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Dement Geriatr Cogn Disord. 2007;23(4):207-14. Epub 2007 Feb 9.

Diagnosis of dementia in primary care: a representative survey of family physicians and neuropsychiatrists in Germany.

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  • 1University Psychiatric Hospitals, Basel, Switzerland. gabriela.stoppe@upkbs.ch

Abstract

AIM:

To measure the diagnostic competence of family physicians (FP) and neuropsychiatrists (NP) for moderate dementia.

METHODS:

Written case vignettes describing moderate dementia either of Alzheimer type or vascular type were randomized to a representative sample of 122 FP and 68 NP, corresponding to response rates of 71.8 and 67.3%, respectively. They served as the basis for a structured face-to-face interview.

RESULTS:

NP and FP did not differ with regard to their diagnostic considerations, however, concerning diagnostic workup. Vascular dementia was much better recognized than dementia of Alzheimer type. Neuropsychological tests and brain imaging would be done by 14.8 and 32.8% of the FP in the case of vascular dementia. In Alzheimer dementia they would apply these methods in 24.6 and 19.7%, respectively. The corresponding numbers for NP were about 60% in both cases for testing and more than 80% for brain imaging.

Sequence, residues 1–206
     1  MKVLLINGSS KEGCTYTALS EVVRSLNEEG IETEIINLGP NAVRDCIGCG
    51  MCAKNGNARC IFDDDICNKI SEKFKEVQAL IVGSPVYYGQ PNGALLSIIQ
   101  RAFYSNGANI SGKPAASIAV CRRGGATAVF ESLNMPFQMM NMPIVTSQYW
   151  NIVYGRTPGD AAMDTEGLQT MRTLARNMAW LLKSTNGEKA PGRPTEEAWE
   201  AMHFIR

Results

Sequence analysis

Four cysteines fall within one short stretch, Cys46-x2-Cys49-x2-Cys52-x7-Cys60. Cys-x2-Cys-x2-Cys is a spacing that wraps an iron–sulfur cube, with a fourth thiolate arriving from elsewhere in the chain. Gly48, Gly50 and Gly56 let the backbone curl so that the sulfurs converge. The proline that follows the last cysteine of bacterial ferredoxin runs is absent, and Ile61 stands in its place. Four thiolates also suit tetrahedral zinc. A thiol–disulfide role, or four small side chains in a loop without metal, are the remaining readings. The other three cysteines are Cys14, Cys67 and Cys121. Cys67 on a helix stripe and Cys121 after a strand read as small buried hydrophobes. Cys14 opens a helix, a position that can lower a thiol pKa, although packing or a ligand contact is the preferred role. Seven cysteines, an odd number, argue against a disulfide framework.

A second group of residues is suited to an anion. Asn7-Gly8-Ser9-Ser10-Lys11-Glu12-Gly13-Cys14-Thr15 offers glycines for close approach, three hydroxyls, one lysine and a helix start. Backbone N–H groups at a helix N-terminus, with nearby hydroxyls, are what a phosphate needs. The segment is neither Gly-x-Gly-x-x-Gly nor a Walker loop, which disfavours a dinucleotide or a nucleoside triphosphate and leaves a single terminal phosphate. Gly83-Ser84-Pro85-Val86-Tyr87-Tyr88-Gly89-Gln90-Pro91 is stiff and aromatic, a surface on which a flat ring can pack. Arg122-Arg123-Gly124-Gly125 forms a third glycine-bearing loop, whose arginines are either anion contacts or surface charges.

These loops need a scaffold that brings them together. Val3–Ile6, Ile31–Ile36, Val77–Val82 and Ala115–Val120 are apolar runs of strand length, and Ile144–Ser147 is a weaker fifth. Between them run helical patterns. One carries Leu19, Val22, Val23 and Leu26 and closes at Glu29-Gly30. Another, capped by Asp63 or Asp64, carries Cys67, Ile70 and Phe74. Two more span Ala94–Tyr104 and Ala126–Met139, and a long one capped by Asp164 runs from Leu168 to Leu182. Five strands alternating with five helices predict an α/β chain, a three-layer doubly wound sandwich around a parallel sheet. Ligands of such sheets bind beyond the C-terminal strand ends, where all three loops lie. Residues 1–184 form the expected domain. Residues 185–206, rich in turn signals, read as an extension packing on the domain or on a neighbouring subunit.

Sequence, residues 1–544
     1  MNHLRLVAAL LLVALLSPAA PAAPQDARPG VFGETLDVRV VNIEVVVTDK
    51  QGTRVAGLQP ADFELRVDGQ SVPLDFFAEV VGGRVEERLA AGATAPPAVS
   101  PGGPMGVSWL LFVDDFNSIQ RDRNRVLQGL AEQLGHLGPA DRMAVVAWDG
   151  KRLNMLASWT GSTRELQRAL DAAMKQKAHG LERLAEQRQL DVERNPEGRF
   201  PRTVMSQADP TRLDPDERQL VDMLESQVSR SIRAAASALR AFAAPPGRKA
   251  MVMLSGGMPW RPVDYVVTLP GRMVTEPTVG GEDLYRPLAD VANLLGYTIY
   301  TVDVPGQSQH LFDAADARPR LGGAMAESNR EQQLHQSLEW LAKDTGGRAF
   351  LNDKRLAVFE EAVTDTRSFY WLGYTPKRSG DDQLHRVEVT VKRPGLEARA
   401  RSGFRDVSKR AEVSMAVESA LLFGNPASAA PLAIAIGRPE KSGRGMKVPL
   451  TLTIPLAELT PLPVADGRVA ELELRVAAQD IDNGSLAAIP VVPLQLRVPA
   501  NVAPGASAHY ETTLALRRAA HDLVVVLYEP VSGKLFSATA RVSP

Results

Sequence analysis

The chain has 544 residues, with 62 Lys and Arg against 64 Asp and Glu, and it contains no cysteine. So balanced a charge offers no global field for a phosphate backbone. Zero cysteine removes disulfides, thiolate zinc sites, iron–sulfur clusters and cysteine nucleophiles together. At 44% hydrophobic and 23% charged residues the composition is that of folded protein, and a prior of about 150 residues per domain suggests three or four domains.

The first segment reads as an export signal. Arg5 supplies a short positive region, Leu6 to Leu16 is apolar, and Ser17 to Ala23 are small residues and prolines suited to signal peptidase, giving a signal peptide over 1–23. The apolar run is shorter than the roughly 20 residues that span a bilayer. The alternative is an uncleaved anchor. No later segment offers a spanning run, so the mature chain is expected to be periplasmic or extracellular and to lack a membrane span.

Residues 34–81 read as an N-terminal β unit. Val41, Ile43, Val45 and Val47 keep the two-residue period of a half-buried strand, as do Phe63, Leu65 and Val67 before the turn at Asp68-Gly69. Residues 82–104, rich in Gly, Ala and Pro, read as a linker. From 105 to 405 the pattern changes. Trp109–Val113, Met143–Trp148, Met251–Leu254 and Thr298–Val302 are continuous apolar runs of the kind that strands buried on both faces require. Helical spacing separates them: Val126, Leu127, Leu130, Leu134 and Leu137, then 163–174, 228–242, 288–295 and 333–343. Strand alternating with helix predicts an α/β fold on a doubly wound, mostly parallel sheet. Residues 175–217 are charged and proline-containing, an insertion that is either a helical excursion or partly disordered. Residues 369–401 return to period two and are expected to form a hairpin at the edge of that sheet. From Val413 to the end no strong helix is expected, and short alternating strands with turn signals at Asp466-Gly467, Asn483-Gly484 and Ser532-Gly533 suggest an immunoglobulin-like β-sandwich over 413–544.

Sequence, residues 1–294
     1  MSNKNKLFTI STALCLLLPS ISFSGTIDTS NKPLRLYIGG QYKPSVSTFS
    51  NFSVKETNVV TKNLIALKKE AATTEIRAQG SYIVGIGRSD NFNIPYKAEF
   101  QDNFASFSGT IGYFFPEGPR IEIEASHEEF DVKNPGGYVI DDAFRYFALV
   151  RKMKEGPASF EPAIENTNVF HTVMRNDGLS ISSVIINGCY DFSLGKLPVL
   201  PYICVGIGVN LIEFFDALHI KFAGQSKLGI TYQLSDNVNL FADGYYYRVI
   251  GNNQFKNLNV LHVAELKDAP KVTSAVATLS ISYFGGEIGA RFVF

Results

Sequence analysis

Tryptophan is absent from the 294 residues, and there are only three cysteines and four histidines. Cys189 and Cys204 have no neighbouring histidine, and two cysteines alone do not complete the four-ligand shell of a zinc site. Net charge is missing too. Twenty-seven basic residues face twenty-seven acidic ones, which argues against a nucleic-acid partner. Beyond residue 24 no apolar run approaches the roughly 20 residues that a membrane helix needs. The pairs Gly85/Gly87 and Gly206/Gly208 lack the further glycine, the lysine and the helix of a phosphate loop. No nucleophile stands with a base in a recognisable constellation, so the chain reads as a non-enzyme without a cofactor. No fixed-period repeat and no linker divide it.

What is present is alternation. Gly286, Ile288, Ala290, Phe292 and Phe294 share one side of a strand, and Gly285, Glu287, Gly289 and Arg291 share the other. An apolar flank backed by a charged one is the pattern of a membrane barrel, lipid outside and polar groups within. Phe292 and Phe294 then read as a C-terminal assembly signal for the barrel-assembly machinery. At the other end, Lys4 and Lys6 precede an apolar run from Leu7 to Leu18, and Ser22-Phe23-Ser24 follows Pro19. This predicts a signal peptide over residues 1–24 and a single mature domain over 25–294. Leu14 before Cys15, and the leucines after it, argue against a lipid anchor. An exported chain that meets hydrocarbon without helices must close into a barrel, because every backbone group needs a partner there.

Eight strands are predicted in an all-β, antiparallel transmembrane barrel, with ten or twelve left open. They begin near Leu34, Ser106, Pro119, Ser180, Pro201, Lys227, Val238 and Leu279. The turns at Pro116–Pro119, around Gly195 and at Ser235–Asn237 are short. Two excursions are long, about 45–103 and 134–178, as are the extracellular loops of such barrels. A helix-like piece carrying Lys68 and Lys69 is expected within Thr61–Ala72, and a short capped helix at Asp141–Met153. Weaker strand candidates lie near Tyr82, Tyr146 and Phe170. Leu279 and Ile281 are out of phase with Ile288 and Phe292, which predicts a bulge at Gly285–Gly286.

CONCLUSIONS:

There is still a wide gap between guidelines and practice in primary care. The apparent overdiagnosis of vascular dementia may be one reason for the low drug treatment rates.

Copyright (c) 2007 S. Karger AG, Basel.

PMID:
17290103
[PubMed - indexed for MEDLINE]
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